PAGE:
Learn to code Python in this Python coding tutorial in just one day! In this tutorial, you will get your hands dirty and learn the basic principles of Python. Let’s get started!
The Python Programming Language
The object oriented Python programming language was invented back in 1991 by Guido van Rossum and could therefore be considered as a Dutch programming language. Its core philosophy is summarized in PEP 20, the Zen of Python:
- Beautiful is better than ugly
- Explicit is better than implicit
- Simple is better than complex
- Complex is better than complicated
- Readability counts
In my opinion, all of these statements still hold today and contribute to the success of Python. For beginners, it is not hard to learn the basic concepts of Python, since the low-level features of a programming language (such as resource allocation and garbage collection) happen under the hood.
Before you can start programming in Python, you will need to download it. It is also possible to use an interactive Python interpreter and some exotic variants such as Jupyter, but we will just used the basic Python IDE which you can download from here. This tutorial is intended for Python 3, so make sure you choose the right Python version.
Now just start IDLE. You will now see something similar to the following screen:
Believe me, you will use this Python shell only in your first few days of writing Python code. After a while, you definitely want to use a different IDE. Here you will find an overview of different Python IDEs.
Your first ‘Hello World’
We will start with a ‘Hello World’ application. A ‘Hello World’ application is the most basic application written in a programming language which show the famous words ‘Hello World’. For this, you will need to know two things. ‘Hello World’ is called a string (which is a data type). A string is a sequence of characters. Other data types are lists, integers (whole numbers) and floats. There are many different data types, but we will start with just the string. We need a way to print the string to the screen. This is done by using the ‘print’ function. A function takes in data and does something to it. Here, the print function simply prints the input data to your screen. This results into the following code:
You can enter it in the Python shell and press the enter key to execute the code:
Python Hello World.
Well done! You executed your first Python code.
When I started programming in Python, I was confused how I could ‘save’ my code such that I could rerun it later. The Python shell is just a way such that you can enter Python code in an interactive way. You can make a Python script (ending on the .py) extension just from the Python shell by going to “File” and then “New File”. You can then run your script by choosing “Run” and then “Run Module”.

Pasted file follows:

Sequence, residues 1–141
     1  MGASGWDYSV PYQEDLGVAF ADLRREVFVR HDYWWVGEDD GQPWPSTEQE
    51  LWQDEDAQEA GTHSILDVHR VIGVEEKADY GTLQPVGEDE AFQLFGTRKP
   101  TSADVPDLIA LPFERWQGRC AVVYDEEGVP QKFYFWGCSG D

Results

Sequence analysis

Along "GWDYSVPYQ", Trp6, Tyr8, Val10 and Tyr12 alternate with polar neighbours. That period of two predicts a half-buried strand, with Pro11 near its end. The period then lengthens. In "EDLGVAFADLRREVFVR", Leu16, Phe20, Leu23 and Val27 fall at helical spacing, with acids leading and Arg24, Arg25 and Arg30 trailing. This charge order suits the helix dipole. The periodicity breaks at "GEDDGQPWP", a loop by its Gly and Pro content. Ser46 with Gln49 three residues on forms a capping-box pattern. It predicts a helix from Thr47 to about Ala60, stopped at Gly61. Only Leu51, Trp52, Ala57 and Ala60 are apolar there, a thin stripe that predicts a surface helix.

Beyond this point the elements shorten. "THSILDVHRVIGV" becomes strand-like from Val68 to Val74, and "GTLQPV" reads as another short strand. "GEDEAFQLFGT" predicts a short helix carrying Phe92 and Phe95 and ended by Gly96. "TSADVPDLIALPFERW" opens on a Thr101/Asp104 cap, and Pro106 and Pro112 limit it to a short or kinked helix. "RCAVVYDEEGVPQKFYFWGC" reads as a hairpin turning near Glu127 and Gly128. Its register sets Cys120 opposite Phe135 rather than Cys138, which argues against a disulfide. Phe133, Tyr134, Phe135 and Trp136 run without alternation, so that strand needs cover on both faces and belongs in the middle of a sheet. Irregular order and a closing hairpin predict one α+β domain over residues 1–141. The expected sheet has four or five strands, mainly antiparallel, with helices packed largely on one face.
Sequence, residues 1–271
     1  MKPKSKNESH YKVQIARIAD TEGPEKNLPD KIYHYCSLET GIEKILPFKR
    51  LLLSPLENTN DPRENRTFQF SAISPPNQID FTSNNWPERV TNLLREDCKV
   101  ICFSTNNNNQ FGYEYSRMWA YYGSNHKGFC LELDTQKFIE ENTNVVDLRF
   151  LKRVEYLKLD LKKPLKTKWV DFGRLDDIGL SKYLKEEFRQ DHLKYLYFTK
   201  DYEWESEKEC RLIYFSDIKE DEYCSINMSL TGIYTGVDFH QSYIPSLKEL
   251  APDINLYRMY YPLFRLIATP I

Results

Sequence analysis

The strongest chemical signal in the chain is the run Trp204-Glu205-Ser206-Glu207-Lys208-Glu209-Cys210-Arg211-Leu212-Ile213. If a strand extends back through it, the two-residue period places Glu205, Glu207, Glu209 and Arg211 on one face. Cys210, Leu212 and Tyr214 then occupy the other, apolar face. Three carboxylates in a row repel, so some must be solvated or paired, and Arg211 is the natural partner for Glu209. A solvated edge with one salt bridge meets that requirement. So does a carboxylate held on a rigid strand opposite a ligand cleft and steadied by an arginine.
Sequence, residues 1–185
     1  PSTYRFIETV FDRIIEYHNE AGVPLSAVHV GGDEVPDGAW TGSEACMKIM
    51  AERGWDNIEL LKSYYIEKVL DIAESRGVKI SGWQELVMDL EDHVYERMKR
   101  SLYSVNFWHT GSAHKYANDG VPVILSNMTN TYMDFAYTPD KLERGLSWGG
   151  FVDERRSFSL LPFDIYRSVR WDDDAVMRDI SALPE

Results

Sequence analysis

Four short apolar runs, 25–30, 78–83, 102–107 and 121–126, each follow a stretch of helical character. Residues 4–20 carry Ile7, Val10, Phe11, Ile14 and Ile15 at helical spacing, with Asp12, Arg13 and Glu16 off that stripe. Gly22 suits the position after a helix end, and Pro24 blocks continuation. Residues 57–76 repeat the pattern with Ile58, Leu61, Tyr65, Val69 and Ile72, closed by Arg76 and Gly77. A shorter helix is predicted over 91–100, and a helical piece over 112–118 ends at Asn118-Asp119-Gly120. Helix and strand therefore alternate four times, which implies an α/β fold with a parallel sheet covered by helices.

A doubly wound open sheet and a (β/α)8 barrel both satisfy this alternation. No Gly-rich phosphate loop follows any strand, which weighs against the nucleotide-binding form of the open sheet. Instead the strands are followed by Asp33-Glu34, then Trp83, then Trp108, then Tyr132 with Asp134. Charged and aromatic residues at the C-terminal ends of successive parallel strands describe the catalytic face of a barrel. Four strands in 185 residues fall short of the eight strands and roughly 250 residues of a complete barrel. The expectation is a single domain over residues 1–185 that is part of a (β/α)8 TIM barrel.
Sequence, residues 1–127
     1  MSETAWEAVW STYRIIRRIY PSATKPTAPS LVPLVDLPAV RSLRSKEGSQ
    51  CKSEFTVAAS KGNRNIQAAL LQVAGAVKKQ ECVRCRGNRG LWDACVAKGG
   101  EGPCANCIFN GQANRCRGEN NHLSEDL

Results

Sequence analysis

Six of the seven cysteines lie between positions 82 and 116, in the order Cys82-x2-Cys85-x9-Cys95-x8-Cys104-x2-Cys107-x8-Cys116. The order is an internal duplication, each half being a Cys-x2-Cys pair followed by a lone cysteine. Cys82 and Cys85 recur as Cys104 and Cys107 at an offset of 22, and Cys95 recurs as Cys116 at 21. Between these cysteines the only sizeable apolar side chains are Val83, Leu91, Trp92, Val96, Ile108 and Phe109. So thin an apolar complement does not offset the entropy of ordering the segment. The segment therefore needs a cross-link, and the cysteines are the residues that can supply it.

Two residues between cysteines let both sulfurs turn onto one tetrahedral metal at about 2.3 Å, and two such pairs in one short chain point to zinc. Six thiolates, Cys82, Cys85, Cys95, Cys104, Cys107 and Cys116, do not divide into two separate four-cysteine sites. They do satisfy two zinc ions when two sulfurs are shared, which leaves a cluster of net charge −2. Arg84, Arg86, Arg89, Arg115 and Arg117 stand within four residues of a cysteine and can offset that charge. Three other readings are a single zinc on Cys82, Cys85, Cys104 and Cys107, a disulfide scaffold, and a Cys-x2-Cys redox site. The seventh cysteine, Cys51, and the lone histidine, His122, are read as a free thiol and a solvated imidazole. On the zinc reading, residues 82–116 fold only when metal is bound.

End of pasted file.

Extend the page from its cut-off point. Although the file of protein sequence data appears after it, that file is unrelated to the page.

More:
Lets start a new Python script. Now we will create a function which takes in two numbers and computes its sum. A function is defined by using the “def” keyword. Lets define this function:
def add_numbers(a, b): # Adds up two numbers a and b and returns the result a + b return a + b
There are a few remarks to make here. First, after the function definition line (def add_numbers(a, b):) a newline appears followed by four spaces. The spaces indicate that these lines belong to the line without the spaces. So you can see clearly that “return a + b” belongs to “def add_numbers(a, b):”. There is a comment on the second line. This comment starts with a hash symbol “#” and is not executed by the Python programming language. It is important that you add comments to your code, especially when you are working together with other human beings or when you’d like to read back your code in a while. Make sure to make a habit out of this!
Now we will try out our function by a few numbers:
def add_numbers(a, b): # Adds up two numbers a and b and returns the result a + b return a + b # Add up 3 and 4 and print the result print(add_numbers(3, 4))
Now run your script (“Run” and then “Run Module”). You will be probably asked to give your script a name. Name it anything you like by just using lower case characters and underscores. I named it “my_script”. Now you will hopefully see 7 in the Python shell, well done! If you have any questions, feel free to ask below.
In this Python programming tutorial you learned how to print out results and how to create a function. In the next blog post on this topic, we will gradually build up your Python knowledge.